Wireless microphones come as part of a system, comprising the mic, transmitter, and receiver. Without going into depth on all technical facets of wireless systems, what’s most important is that you choose a frequency-agile system over a system with only one frequency. Frequency agility means that you can choose from multiple frequencies to avoid local TV channels, wireless users near you, or other interference sources. This feature will make the difference between a successful recording and not being able to capture your audio due to dropouts.
You will then have to choose between VHF and UHF analog systems, and digital systems. VHF systems are generally less expensive but also not ideal, because they don’t offer frequency agility. On the other hand, UHF systems come with multiple frequencies, and are found in the audio bags of every sound professional.
Digital systems offer frequency-hopping functionality, whereby the system automatically toggles between clean channels seamlessly, ensuring that the signal arrives at your camera without interference.
If you’re working with a cameraman while you move about freely, holding your microphone, as in a “man-on-the-street” segment or convention-floor interviews, the tool of choice is a wireless handheld mic. It comes in two configurations: with the transmitter inside the mic body or with a plug-in transmitter attached to the bottom of a standard mic, converting it to wireless operation.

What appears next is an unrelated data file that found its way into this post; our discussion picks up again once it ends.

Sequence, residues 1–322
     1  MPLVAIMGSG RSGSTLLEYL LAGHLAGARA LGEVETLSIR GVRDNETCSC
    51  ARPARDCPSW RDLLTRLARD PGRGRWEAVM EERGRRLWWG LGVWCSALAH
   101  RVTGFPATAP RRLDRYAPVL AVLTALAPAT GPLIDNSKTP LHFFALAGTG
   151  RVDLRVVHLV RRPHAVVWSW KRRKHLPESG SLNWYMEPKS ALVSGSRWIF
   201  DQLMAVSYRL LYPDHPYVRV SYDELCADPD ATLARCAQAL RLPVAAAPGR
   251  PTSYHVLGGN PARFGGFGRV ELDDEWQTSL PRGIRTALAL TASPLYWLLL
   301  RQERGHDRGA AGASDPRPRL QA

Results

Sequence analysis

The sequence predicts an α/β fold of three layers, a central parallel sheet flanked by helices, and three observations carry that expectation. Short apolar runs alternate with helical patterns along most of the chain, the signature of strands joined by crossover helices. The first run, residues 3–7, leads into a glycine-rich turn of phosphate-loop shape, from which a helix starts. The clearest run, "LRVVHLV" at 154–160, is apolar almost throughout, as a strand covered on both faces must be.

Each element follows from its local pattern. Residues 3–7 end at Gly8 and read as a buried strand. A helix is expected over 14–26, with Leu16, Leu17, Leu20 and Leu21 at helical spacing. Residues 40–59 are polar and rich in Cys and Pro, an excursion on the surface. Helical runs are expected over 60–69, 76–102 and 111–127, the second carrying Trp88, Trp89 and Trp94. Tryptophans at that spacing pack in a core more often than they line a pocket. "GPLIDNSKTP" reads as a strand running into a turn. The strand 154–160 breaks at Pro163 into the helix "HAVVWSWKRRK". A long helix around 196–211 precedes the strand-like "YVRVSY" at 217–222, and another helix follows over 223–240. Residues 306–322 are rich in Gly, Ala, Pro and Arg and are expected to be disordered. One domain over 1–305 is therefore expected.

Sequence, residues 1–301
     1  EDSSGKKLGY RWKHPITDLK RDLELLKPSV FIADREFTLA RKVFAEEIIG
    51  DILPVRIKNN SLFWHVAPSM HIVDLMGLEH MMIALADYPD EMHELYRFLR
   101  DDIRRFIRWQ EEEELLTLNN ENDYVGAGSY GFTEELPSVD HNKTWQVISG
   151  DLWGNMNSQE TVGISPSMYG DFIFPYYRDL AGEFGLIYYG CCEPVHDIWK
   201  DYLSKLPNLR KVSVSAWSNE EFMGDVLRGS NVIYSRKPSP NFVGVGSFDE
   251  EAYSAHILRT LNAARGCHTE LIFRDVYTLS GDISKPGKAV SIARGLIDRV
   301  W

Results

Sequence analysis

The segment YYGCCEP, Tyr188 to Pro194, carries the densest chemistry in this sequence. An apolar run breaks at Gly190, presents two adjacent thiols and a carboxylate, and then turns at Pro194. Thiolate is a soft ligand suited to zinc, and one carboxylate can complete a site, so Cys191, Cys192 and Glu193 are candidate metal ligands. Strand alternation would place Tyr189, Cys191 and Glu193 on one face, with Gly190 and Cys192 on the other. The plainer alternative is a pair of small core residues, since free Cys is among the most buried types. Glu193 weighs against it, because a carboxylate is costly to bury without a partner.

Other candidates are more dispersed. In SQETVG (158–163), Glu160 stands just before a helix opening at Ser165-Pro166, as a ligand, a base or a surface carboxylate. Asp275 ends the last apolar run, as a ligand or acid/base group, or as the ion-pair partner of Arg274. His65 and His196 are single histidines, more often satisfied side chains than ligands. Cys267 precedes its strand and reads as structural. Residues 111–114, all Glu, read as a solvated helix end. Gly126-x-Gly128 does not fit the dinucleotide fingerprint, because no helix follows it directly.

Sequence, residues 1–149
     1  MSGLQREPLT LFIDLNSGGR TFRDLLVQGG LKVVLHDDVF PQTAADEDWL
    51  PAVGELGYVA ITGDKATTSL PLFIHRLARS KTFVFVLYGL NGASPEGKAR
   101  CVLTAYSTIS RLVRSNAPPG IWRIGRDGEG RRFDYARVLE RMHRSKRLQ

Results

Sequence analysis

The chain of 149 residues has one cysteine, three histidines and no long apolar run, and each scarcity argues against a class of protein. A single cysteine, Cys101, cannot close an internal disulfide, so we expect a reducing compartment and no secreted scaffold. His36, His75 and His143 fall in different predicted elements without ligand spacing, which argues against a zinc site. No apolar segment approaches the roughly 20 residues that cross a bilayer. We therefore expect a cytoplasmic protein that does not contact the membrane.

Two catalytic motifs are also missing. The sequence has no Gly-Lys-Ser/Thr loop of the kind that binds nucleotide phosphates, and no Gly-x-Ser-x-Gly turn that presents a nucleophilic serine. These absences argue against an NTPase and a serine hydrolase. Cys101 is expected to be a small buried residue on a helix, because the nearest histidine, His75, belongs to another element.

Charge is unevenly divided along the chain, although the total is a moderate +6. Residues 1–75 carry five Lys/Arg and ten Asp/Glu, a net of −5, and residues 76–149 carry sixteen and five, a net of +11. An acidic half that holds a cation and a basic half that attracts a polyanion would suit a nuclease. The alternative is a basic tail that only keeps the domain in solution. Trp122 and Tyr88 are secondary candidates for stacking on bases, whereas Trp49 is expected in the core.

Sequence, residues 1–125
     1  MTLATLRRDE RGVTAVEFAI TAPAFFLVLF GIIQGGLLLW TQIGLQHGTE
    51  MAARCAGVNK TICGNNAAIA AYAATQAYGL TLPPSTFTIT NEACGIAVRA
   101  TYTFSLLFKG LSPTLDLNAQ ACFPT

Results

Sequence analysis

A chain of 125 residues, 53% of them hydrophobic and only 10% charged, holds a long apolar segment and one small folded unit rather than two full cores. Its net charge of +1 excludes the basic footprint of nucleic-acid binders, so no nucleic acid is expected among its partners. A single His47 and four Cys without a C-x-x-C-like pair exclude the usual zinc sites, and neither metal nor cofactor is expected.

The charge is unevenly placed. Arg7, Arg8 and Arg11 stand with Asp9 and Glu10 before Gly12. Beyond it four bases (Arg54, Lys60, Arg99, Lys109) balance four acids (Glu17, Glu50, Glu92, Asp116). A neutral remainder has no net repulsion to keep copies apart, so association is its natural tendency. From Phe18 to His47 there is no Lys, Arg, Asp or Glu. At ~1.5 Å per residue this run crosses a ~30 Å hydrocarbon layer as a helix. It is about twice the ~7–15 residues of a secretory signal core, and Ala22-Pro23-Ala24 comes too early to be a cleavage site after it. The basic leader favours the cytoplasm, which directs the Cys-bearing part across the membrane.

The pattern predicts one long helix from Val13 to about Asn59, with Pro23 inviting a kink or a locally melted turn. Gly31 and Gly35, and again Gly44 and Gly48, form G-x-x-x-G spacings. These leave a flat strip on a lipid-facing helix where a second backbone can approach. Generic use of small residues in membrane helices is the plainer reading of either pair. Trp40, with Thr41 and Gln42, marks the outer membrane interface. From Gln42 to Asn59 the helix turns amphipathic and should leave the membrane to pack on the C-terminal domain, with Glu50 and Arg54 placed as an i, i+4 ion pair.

The plug-in option is often preferred because it allows for selecting the “right” type of handheld microphone for your specific application. I recommend the Shure FP3 and RØDE RØDELink Newsshooter plug-in systems. For handheld transmitters, consider the Sony UWP-D12 and the Sennheiser AVX, or the budget-priced Audio-Technica System 10.
If your project is the type where the camera needs to follow the on-air personality around, and a boompole is too obtrusive, you will need to use a wireless lavalier microphone with bodypack transmitter. The Polsen ULW-16 and is an excellent entry-level system, while the Sony UWP-D11, Sennheiser ew 122-p G3, and Sennheiser AVX systems will give you additional reliability and professional sound quality.
To capture the best audio possible, the safest way to work is to have both wired and wireless mics on hand. This gives you the flexibility to adapt to any situation, and if one system goes down, you've got another to fall back on.
The good news is that wireless technology is better than ever, and many of the cons are not as much of a problem as they used to be. But it’s important that you do not skimp on your wireless system. You don't want to break your budget, but you will get what you pay for.
One additional word of advice: Regardless of wired or wireless mic use, always monitor your audio. Interferences and low batteries in wireless, or connectors and cable in wired, can and do create problems. So be sure to put your headphones on and listen!
What are your favorite wired or wireless mics? Tell us in the Comments section, below.